NEW RELEASE Little Mishaps and Big Surprises – available now

Hurray, hurray, Little Mishaps and Big Surprises is finally with us. 

Charlie’s life was perfect, until that one fateful night….

London girl, Charlie, has a great life; fab flat in Covent Garden, a satisfying career and great friends. She certainly doesn’t need a man to complete her. Her life couldn’t be better. Or could it?

Charlie’s life is about to change. From an episode of doggy incontinence to a vomit incident in the M&S food hall, life has some little mishaps planned for Charlie that lead to some BIG surprises.

With a fancy dress party looming, what begins as a drunken nightmare could turn out to be the best thing that ever happened to her.

Our now on Kindle for just 99p or FREE if you have Kindle Unlimited, and also available in paperback.

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Why horrible work scenarios keep creeping into my romantic comedies

Well, I’m excited about my fourth romantic comedy, Little Mishaps and Big Surprises, which will be out next week – Tuesday 12 June 2018. It will be available on Kindle – 99p/c or free for those of you who have Kindle Unlimited and, at the same time, available as a paperback (usually my paperbacks are a few weeks behind the Kindle version, but not this time).

This one features Charlene, aka Charlie, and the adventures and mishaps in her life. Charlie lives in London, just off Covent Garden and loves it, not least because she has escaped from a sleepy town in Wiltshire – or so she thinks.

As we all know, however much we think we’re in control of our own destiny, life has a habit of throwing us a few curveballs which, by their very nature, we don’t see coming and cannot control (happens to Charlie more than once). This is never more the case that in the world of work. Now, I’m lucky; I no longer work for anyone else, no petty politics or inflated egos for me to deal with on a daily basis, but, it’s been pointed out to me that bad work situations do crop up regularly in my books – especially my romcoms. I wonder why?

It’s true to say that I’ve had a lot of jobs, most of them, though not all, in offices. I’ve worked in some wonderful places and I’ve worked in some stinkers. I’ve also worked in the worst combination of all, wonderful workplaces that are ruined by a stinker or two at the top. I use the word stinker to prevent myself from swearing, but I’m sure you get my drift.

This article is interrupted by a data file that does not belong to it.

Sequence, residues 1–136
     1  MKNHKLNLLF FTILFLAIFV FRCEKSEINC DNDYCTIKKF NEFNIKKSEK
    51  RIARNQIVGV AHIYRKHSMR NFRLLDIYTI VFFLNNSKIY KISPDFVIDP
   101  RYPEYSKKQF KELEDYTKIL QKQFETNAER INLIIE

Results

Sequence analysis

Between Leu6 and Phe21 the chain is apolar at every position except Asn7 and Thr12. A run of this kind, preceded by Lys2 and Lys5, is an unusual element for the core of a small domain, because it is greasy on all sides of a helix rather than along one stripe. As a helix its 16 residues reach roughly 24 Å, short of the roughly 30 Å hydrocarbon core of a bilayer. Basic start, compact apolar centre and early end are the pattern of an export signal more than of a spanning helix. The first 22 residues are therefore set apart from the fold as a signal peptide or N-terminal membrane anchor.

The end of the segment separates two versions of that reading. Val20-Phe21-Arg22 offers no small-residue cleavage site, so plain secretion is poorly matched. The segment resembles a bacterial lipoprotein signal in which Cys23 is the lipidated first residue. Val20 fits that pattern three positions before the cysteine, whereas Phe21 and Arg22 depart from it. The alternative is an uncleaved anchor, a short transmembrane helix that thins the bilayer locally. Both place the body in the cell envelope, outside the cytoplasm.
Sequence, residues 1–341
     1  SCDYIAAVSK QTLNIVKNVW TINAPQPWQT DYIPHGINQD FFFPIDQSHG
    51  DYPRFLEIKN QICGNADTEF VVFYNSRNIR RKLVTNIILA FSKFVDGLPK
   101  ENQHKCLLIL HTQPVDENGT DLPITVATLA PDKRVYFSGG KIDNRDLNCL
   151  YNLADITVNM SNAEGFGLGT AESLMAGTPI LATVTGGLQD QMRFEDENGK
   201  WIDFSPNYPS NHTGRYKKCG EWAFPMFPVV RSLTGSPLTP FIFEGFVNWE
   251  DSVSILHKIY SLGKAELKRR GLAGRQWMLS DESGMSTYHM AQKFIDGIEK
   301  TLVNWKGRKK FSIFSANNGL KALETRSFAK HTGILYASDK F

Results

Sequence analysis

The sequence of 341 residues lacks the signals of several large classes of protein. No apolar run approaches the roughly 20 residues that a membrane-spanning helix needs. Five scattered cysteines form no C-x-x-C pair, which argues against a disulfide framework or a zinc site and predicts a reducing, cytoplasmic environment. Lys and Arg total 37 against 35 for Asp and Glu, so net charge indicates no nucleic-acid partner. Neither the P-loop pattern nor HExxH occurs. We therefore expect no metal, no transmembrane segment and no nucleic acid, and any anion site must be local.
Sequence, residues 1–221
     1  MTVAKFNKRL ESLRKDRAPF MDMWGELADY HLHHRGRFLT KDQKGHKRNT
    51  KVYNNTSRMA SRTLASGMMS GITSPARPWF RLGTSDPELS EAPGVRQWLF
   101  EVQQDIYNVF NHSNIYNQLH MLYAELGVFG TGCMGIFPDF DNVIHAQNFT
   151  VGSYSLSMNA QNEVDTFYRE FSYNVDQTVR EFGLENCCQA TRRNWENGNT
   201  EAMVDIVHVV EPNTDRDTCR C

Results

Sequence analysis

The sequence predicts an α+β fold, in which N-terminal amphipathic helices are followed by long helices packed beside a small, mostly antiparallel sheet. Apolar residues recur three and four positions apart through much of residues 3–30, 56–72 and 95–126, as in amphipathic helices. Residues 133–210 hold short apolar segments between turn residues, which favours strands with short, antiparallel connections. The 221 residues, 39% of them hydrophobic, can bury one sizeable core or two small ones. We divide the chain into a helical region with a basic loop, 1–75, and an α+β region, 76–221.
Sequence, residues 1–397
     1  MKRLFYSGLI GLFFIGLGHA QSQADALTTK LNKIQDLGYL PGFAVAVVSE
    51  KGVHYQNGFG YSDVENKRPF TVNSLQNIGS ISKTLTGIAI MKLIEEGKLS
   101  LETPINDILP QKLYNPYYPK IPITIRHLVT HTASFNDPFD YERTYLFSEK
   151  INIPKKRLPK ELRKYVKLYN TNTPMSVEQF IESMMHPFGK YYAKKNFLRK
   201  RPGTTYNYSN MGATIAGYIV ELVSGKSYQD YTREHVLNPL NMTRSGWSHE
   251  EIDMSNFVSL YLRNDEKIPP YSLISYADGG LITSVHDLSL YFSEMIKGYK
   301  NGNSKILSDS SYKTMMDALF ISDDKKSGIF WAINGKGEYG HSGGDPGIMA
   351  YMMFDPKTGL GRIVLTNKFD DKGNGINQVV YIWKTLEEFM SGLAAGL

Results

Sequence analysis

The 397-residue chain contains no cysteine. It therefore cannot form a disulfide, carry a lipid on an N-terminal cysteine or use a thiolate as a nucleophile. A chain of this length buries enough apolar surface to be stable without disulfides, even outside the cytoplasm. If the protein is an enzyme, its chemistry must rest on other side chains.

I once temped in a tiny company –  just me in the office (beautifully appointed), one guy in the warehouse (funny and fun) and THE BOSS. I write his title in capitals to convey his demeanour and personality. This was a man who liked to throw his weight around – literally, he was a bit chubby (and short). He wore steel-heeled shoes which announced his entrance long before he came bustling in. When he became angry, which was frequent and over the most trivial of things, his face would turn puce and he would stomp around and bang his desk phone nosily on his desk. He liked his tea – made by me who doesn’t drink tea – made a certain way and on his desk at hourly intervals, or trouble would follow.

Sometimes it was hard not to laugh at his tantrums, but my training as a mother of small children had taught me to ignore such behaviour, which, of course, made him worse. He once berated me for not using his name when I wished him good morning. He told me I had to say good morning, Kevin, not just good morning. He delivered this instruction while crouching behind the office partition for, like most bullies, he was also a coward and couldn’t look me in the eye. (He also called his wife sweetie-pie, and rang to check up on her at irregular, but frequent, times during the day. But that’s a whole other story.)

I was the latest in a long line of temps who had worked for him, and, all had subsequently walked out. Some had barely lasted a week, one only managed half a day. I lasted three months, which is a testament to my patience and perseverance. But, I walked out later that week. Life’s too short to put up with that kind of nonsense.

I have many more stories like this – am I unique? I suspect not. Maybe, I’m just a bad employee. But, if that is the case, so are a lot of other people, especially my readers who often email and tell me that they can identify with the work situations I write about.

This brings me back to Little Mishaps and Big Surprises, which features the inevitable, crappy work scenario. I think the outcome will make some readers cheer from the side-lines!

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Little Mishaps and Big Surprises – excerpt from chapter 4

Here’s another taster from Little Mishaps and Big Surprises – due out in JUNE!

Excerpt from chapter four

Zippy’s stupid face is still grinning at me at I get up and pull on my dressing gown. I fling my Bungle body over it so I can’t see that stupid grin before I stumble down two flights of stairs craving my coffee and cereal.

Zippy’s stupid body is sitting at the table eating my cereal.

‘I thought you had a plane to catch,’ I snap. ‘I thought you had to leave early.’

‘Going soon,’ the reply comes. ‘Just eating.’

I scrutinize Zippy’s face without the mask. He’s Chinese. I don’t remember that. I shake my head and put the kettle on, glancing back at this stranger who I have slept with. Wow, I must have drunk a lot.

I make my coffee before opening the fridge for milk. There is none.